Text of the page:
An inexpensive place to sample Nicaraguan food is the well-known Cocina de Doña Haydée, which has three locations in central Managua. Many dishes are under $10. The Hotel y Restaurante Cesar (505/265-2728) consistently wins awards for its cuisine. You can dine inside, or outside in the gardens surrounding the swimming pool. One of the finest offerings of French food can be found at the art-bedecked La Marseilles (505/278-3267). Offering food of the same quality in a more informal setting is Café de Paris (505/278-3267), known for its lobster with mushrooms.

Managua’s best-known national products include clothing, shoes, handicrafts and souvenirs. Foreign goods are also available but are likely to be more expensive. There’s great demand for Nicaraguan gold and silver that can be found in the major jewelry stores. Some of the largest and best stores are the Centro Comercial, Metrocentro, Supermercados, Diplotiendas and Supermercados Internacionales. Nicaragua has two major craft markets, Managua’s Roberto Huembes Market and Masaya. These craft markets sell everything imaginable from clothes, leather products, hemp products, wood goods, shoes, ceramics, to all sorts of souvenirs and gifts.

The Metrocenter has 50 glittering shops and department stores, as well as intimate cafes. By contrast, Plaza Inter offers several US dollar shops, movie theatres and a good food court.

Touring Granada’s Cultural & Natural Sights

Photo lovers will fall in love with the city of Granada. Named after its Spanish counterpart across the Atlantic, Granada was founded in 1524 by a Spaniard and is generally believed to be the oldest city in the New World. It is a delight to the eye with its graceful abodes and elegantly proportioned porticoes hued in rich tropical colors. It’s a city of less than 100,000 people but offers a small taste of luxury in its hotels, restaurants and general way of life.

For example, you can start your stay by taking the whole family for a horse-drawn carriage ride at Amigo Tours (505/552-4080). Carrying up to five people, it’s about the same price as a taxi. Nicaragua’s nascent tourist industry has descended on this picturesque colonial town and from this location you can arrange trips all over Nicaragua. The Nicaragua Butterfly Preserve (505/895-3012) offers English language tours.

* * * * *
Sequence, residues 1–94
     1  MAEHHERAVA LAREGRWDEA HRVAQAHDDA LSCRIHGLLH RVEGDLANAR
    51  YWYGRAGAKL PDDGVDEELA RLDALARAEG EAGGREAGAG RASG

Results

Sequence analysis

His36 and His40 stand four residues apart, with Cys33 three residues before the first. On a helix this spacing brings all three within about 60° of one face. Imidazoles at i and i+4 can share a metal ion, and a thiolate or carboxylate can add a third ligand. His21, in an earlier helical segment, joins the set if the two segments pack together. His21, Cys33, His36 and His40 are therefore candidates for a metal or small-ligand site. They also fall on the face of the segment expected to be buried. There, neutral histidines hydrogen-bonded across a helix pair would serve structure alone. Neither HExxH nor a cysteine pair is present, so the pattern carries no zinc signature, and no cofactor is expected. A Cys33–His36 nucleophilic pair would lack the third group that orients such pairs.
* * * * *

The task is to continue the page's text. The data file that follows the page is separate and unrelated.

For decent coffee and some English language books and magazines, head to Mavericks (505/552-4120), then set out for the Convento Y Museo San Francisco (505/552-5535), a strikingly restored yellow-and-white 17th century complex that survived the massive earthquake of 1746. The building’s façade, made up of ridges, is a favorite pigeon-nesting place. The church also houses what is usually described as the best museum in the region. A museum highlight is a tribe of paper-mache Indians portrayed while making a meal.

Mi Museo (505/552-7614) has an amazing collection of ceramics dating from at least 2000 BC to the present. Hundreds of carefully crafted pieces were chosen for their artistic merit and archeological significance. Valuable antiques, some of them hundreds of years old, are jammed tightly together at Harold Antiques (505/881-4975) and Nica Chic offers an unusual choice of cool clothes, handmade furniture and affordable art. If you want a cigar, they’re hand-rolled at Sultan Cigars.